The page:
A PROPOSAL TO FACILITATE MANDATORY BRIDGE LOAD TESTS WITH ARTIFICIAL NEURAL NETWORK ANALYSES USING A DIGITAL DATA AGGREGATION PLATFORM

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Architecture, Civil Engineering, Environment

Silesian University of Technology

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VOLUME 14 , ISSUE 3 (September 2021) > List of articles

A PROPOSAL TO FACILITATE MANDATORY BRIDGE LOAD TESTS WITH ARTIFICIAL NEURAL NETWORK ANALYSES USING A DIGITAL DATA AGGREGATION PLATFORM

Citation Information : Architecture, Civil Engineering, Environment. Volume 14, Issue 3, Pages 69-78, DOI: https://doi.org/10.21307/ACEE-2021-023

Received Date : 21-May-2021 / Accepted: 03-July-2021 / Published Online: 08-October-2021

ARTICLE

ABSTRACT

The paper presents an innovative concept of digital aggregation of data related to mandatory in-situ load tests of bridge structures. The proposed approach allows to manage various types of information regarding those experiments, in a way which is consistent with current good practises in BIM technology and digitalisation of construction industry. The proposed web platform will allow for vast improvements in decision-making process regarding admission of a given bridge for service, in proper analyses and even predictions of bridges mechanical response. Initial architecture of the system is introduced along with an appropriate literature review and the identification of key actors and their roles in the described information management process. To highlight the potential of the solution, two examples are shown. In both cases key advantages of digital aggregation are emphasised: the possibility to learn from previous analogical in-situ experiments, and the possibility to utilise modern machine learning algorithms and state-of-the-art open-source solutions.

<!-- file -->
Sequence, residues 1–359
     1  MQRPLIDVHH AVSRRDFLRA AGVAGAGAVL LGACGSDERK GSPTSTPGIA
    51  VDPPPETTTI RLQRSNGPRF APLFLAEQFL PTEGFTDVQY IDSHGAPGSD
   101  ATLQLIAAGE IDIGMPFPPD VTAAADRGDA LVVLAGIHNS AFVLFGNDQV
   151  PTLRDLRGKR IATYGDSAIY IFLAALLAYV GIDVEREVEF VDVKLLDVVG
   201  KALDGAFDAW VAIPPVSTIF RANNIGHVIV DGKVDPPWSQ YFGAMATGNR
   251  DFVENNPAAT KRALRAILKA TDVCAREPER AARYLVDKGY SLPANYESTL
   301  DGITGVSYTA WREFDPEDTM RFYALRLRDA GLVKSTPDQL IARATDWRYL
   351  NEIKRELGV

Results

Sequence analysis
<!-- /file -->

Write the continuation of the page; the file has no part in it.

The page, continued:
1. INTRODUCTION

In the last few decades, a very large number of load tests of engineering structures has been performed in central Europe. The main cause of this is rapid development of the transportation infrastructure in the region and the fact that such in-situ tests are recommended [1] or even required as mandatory in numerous countries - e.g. in Slovakia, Spain, Italy and Poland [2, 3, 4]. These measurements are performed at different stages in the life cycle of the structure:

• a) during the construction phase - e.g. load testing of foundation piles [5],

• b) directly before admission to service - as mandatory static and dynamic test loading of road and rail bridges [2, 6, 7]

• c) during service life of the bridge - e.g. when facing a renovation decision, as part of an expert opinion on the technical condition or when it is necessary to increase the load capacity of the structure due to increasing operational requirements [8, 9].